William "Billy" Warneke, 25
Billy Warneke and his wife, Roxanne, were expecting their first child in December, his grandmother, Nancy Warneke, told The Press-Enterprise newspaper in Riverside, CA. Billy Warneke grew up in Hemet, CA., along with fellow Granite Mountain Hotshot Chris MacKenzie. He then married his high school sweetheart, Roxanne. He was a four-year U.S. Marine Corps veteran who served a tour in Iraq and joined the hotshot crew in April, buying a property in Prescott, near where his sister lived, the newspaper reported. Nancy Warneke said she called her sister after seeing the fire on the news. "She said, 'He's gone. They're all gone,"' Nancy Warneke told The Press-Enterprise. "Even though it's a tragedy for the whole family, he was doing what he loved to do. He loved nature and was helping preserve nature." "He wanted to get on the Hotshot crew in Prescott a year ago but wasn't able to get on so he continued waiting and volunteering," said Jack Warneke, Billy Warneke's grandfather.
John Percin, 24
John Percin loved baseball and had an unforgettable laugh. In his aunt's eyes, he was, simply, "an amazing young man. He was probably the strongest and bravest young man I have ever met in my life," Donna Percin Pederson said in an interview with The Associated Press from her home in Portland, OR. Percin was a multisport high school athlete who graduated in 2007 from West Linn High School, southeast of Portland. Geoff McEvers grew up playing baseball with Percin and remembered him as a fun-loving guy with an unforgettable laugh, The Oregonian newspaper reported. McEvers said he learned about Percin's death through friends. "It's already tragic when you hear about those who died," McEvers told the newspaper, "but when you find out it's someone you know personally, it's tough."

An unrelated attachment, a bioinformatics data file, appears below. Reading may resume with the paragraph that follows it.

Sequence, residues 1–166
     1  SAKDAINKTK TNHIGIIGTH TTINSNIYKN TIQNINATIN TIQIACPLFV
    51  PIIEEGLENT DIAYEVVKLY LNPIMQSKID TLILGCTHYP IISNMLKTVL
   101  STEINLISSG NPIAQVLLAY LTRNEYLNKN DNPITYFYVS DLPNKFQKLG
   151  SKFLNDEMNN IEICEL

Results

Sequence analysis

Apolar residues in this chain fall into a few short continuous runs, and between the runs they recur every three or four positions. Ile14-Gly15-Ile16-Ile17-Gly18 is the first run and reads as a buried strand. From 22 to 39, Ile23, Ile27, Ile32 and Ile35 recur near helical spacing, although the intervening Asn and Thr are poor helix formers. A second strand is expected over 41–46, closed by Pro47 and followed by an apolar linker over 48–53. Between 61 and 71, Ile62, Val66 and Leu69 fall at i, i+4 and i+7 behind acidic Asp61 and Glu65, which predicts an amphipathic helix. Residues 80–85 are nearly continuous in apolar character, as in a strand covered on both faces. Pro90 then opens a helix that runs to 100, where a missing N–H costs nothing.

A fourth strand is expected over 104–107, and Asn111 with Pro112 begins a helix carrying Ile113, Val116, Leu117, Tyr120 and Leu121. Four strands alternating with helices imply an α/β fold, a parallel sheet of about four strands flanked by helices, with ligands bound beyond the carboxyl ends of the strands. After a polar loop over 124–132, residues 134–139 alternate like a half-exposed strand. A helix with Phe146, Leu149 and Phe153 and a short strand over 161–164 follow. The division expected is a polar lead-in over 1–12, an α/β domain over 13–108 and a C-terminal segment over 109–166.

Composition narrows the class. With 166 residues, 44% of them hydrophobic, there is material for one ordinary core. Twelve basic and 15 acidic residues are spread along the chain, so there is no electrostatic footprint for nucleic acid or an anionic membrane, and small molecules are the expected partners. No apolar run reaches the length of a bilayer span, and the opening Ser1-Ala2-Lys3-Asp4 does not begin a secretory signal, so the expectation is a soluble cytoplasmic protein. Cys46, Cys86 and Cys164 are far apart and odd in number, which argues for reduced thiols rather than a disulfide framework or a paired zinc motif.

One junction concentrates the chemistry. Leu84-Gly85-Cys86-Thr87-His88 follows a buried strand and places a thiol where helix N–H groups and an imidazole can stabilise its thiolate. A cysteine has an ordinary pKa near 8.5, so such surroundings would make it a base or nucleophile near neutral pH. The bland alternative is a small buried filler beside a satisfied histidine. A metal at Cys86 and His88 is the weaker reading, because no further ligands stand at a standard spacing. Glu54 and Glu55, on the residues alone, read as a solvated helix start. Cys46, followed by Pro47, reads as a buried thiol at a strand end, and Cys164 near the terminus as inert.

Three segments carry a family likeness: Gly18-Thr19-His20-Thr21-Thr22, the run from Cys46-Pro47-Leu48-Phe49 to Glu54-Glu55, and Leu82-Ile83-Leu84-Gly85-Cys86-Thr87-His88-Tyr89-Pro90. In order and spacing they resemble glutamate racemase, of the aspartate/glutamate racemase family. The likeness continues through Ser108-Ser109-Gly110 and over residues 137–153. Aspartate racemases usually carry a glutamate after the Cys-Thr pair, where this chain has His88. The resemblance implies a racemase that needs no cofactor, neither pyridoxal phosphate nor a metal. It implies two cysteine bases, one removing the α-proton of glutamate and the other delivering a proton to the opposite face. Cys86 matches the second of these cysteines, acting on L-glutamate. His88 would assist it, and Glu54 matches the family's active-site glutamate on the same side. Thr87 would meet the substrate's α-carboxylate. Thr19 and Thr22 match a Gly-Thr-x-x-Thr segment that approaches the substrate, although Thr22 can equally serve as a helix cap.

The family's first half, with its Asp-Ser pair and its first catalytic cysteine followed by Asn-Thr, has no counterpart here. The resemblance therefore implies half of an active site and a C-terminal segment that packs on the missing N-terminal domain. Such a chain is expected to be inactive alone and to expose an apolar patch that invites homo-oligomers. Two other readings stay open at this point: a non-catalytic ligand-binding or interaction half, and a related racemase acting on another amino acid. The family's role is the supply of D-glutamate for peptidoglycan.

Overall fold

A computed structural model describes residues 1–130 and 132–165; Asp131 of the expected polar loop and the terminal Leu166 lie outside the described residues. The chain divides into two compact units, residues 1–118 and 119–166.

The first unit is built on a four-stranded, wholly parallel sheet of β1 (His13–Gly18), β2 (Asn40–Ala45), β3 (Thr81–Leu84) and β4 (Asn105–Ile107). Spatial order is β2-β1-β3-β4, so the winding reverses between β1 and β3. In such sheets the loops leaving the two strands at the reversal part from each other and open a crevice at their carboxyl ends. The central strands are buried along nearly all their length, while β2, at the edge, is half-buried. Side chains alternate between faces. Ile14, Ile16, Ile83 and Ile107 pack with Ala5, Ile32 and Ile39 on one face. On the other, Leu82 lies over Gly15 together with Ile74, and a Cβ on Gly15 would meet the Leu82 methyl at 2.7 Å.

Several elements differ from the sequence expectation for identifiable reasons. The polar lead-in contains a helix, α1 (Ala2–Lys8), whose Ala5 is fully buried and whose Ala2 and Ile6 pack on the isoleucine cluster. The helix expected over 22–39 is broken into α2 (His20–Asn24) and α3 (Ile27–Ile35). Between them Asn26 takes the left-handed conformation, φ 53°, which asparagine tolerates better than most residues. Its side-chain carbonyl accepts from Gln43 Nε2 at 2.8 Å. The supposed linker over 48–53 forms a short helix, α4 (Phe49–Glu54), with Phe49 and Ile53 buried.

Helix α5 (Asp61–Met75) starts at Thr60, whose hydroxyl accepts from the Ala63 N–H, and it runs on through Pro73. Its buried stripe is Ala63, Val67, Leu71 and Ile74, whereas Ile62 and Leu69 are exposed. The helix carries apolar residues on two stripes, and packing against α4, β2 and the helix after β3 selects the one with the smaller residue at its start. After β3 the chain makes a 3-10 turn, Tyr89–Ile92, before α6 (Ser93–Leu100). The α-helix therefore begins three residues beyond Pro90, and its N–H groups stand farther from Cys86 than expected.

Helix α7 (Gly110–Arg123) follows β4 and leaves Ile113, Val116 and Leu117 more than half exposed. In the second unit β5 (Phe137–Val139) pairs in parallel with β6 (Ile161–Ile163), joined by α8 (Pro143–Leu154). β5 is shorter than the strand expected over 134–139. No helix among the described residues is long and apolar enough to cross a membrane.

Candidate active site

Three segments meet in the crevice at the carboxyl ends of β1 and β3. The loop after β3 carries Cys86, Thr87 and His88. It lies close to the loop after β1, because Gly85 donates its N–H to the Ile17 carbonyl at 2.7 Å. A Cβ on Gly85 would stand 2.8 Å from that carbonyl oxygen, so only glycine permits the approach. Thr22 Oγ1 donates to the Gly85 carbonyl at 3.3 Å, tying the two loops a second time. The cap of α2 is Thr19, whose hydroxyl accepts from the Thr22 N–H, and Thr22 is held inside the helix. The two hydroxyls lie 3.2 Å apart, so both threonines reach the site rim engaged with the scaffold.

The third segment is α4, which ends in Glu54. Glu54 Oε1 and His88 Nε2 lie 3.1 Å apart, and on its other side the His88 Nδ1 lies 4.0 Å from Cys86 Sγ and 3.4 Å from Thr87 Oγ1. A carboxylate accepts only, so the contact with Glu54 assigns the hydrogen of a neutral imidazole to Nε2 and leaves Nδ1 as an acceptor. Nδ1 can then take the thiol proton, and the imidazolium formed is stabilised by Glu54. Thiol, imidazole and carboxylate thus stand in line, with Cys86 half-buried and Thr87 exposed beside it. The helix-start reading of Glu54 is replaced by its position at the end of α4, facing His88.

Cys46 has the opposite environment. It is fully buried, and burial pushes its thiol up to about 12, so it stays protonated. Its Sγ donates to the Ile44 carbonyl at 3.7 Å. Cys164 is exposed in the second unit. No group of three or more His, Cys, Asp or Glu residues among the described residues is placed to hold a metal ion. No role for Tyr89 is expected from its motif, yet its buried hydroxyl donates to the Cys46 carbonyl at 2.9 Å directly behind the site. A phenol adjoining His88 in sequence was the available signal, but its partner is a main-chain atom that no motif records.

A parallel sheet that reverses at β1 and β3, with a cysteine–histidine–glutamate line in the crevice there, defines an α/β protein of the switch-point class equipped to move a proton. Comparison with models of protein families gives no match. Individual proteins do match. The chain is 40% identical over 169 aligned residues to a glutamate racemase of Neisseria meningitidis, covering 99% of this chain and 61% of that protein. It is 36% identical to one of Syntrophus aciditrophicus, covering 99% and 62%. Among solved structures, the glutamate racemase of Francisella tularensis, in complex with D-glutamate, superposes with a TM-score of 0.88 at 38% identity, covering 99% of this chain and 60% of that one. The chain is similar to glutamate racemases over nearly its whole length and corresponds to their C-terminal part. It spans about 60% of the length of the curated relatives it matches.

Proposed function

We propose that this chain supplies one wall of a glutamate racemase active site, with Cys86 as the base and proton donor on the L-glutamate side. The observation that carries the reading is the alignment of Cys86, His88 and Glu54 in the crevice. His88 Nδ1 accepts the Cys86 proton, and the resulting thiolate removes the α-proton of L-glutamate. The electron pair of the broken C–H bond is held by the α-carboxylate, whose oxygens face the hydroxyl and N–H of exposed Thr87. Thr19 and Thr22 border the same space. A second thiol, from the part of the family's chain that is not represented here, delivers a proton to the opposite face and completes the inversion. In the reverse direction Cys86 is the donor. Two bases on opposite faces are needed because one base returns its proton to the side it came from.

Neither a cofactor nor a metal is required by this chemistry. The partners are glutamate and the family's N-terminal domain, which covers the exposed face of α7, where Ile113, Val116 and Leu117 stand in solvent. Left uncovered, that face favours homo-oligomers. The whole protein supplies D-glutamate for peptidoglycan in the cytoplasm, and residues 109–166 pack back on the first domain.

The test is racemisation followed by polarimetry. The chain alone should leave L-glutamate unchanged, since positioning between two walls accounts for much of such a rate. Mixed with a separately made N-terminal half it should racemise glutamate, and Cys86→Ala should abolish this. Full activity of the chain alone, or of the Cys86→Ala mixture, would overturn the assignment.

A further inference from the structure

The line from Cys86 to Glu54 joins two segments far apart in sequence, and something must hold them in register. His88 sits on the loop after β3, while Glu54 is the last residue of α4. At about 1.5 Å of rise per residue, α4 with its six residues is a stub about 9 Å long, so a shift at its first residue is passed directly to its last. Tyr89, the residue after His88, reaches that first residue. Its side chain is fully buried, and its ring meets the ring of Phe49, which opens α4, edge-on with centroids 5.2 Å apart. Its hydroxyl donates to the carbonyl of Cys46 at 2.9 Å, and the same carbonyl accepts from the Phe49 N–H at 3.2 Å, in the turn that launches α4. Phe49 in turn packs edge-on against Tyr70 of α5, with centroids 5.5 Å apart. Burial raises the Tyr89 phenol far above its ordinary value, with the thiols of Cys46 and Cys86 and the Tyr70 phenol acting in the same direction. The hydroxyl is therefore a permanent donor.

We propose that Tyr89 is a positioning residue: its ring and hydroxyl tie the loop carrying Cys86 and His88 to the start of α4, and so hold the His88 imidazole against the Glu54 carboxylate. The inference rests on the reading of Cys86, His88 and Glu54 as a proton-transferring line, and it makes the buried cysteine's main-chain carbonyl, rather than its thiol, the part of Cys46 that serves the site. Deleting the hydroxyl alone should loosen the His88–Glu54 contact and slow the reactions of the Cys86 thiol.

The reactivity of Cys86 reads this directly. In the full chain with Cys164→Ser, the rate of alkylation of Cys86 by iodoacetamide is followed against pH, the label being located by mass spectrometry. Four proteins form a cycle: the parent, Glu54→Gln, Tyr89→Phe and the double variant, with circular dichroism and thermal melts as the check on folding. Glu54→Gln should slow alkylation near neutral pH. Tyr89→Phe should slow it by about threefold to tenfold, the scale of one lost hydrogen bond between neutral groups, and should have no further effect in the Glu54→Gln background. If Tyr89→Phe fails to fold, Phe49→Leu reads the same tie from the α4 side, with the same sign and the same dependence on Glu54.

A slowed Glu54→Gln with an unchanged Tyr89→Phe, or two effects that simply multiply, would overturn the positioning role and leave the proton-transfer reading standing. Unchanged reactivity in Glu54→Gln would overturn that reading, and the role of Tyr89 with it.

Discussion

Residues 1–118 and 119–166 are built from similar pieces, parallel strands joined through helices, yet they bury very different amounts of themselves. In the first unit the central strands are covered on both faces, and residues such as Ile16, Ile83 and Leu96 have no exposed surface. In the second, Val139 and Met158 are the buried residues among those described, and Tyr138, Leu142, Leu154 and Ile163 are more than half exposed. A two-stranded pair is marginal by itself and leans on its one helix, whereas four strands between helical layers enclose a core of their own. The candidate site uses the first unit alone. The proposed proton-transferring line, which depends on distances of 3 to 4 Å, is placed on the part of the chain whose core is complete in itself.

Joe Thurston, 32
Joe Thurston was originally from Utah, where he met his wife Marsena. "He was never one to shy away from a challenge or new experience," recalled Thurston’s classmate and friend, E.J. Overson, in an interview with the Salt Lake Tribune. His friends described him as a bit of a daredevil, who enjoyed skateboarding and cliff-diving. He and his wife were raising two young boys.
Jesse Steed, 36
Jesse Steed was athletic and always concerned with others. Steed is fondly remembered by his fellow classmates at Chino Valley High School, where he graduated in 1995. His friend, Kris Mazy, tells CBS 5 News that Steed played on the high school soccer team. He served his country, before dedicating himself to serving the Prescott Fire Department. Steed served in the U.S. Marine Corps from 1996-2000. He joined the Hotshots crew in Prescott in 2003. Steed is survived by his wife, Desiree, and their two children, 4-year-old Caden, and 3-year-old Cambria. His brother Cassidy Steed lives in Northern California and is a police officer. He also has a brother Levi Federwisch who lives in Chino Valley and a sister. "He was always compassionate to people around him, and still with just a clown-like demeanor and definitely a mischievous streak," said Garic Hayes, Steed's good friend.
Grant McKee, 21
Grant Quinn McKee grew up in California before making his home in Prescott. He perished alongside his cousin, fellow Hotshot Robert Caldwell. McKee was an enthusiast of the budding sport of "disc golf," in which players throw a disc or Frisbee at a target.
Garret Zuppiger, 27
Garret Zuppiger posted sporadically on a blog that showed him to be an adventurer who enjoyed trying new experiences. He wrote that he attended the University of Arizona. He was extremely hard working and full of energy. He wrote, "I'd rather be flying, all day long!" He also boasted of building a "Ski-Chair," which was a recliner mounted on skis.